As for Jesse, though everything he’s done this season has been to get out from under Gran’ma’s thumb, the Grail-centric detour he’s taken has had the effect of removing the emotional hook from the equation, and turning it into more of a fetch quest. When we’re suddenly reminded of Jesse’s dues as his past self and his present self cross paths — color grading and all — it’s fascinating, but a little too late.
Preacher is damn good at cranking up the emotional stakes as well as the Southern Gothic elements of its story, which is why it’s a little disappointing when it abandons them in favor of broader religion-based shock-horror. If cutting the Nazi intervention might have given Gran’ma, T.C., and Jody just a fraction more screen time, then I’d have advocated for it, because the best parts of the finale handily belong to them.
If there’s any scene that stands out in the third season’s final hour, it’s the deaths of Jody and T.C. Jesse’s relationship with the pair has always been complicated, as exemplified by the way he won’t kill T.C. outright (T.C. himself says, “You don’t hate me that much”), and how he doesn’t use his voice in his final showdown with Jody; and the degree to which the payoff works only makes it more of a pity that we didn’t get to spend any more time with them.
Though Jody’s built like a brick house, the fight was only ever going to end one way, i.e., with Jesse coming out on top. Still, Jody manages to stand up despite having his skull caved in, murmuring, “Proud of you, boy,” before dropping dead. For his part, T.C. elects to die with Jody, staying behind in the inferno after Jesse commands him to set Jody — and the Tombs — on fire. Angelville may be an awful place, but as T.C. says, “I got nowhere else to go.” (Credit to Colin Cunningham and Jeremy Childs: I actually cried.)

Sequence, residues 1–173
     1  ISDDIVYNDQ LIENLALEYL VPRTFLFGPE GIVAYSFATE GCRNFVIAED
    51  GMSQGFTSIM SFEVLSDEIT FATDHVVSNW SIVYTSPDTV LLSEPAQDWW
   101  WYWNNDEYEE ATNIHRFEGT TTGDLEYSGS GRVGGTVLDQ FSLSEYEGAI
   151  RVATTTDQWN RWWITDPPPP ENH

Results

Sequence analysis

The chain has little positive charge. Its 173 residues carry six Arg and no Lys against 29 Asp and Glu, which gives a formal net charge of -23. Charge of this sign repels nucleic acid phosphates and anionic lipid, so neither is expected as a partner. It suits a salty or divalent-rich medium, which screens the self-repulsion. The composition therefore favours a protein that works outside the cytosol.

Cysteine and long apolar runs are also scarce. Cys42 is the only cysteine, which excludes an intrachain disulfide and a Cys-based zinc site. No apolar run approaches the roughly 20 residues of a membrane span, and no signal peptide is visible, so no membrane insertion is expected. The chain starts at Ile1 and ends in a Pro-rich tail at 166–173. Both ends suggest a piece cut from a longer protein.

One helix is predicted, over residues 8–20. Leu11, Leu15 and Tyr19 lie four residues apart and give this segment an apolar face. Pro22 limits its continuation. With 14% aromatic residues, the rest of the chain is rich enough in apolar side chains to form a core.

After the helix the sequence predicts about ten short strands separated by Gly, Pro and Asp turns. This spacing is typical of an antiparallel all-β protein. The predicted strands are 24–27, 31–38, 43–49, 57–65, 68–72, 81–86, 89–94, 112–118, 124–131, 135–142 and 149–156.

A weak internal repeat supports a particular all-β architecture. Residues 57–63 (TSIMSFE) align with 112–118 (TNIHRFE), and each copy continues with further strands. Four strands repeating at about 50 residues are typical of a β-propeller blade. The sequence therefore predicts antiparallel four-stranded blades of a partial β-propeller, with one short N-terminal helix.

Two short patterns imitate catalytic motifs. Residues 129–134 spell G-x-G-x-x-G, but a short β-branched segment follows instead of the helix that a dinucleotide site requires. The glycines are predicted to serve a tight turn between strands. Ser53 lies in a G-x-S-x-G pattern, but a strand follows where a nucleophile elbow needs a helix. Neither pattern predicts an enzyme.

That the deaths of two henchmen were the most affecting part of the finale speaks to just how broad the season got, and how much I wish it had been more contained. It’s a problem of narrative balance, and as for whether or not Preacher manages to achieve it with its larger game, we’ll just have to wait until next season to see.
• The Preacher sideways bus fight is the new Oldboy hallway fight.
• In having been wrongfully sent to (and then abandoned in) Hell, as well as in being betrayed by Hitler, Eugene seems to have finally started getting a little bitter. Now that he’s out of Hell — and following in the Saint of Killer’s footsteps — he seems poised to become a more dangerous piece on the board.
• There are a few good Cassidy moments in this episode, including his starting to cry when Tulip calls to ask if he’s okay (“Thanks for calling me up, alright?”), and saying that his plans to unwind include “getting really high and blasting some Nickelback.”
• A few last Grail updates before we break: Starr’s favorite torturer apparently lives in Bensonhurst, and some Humperdoos are still at large.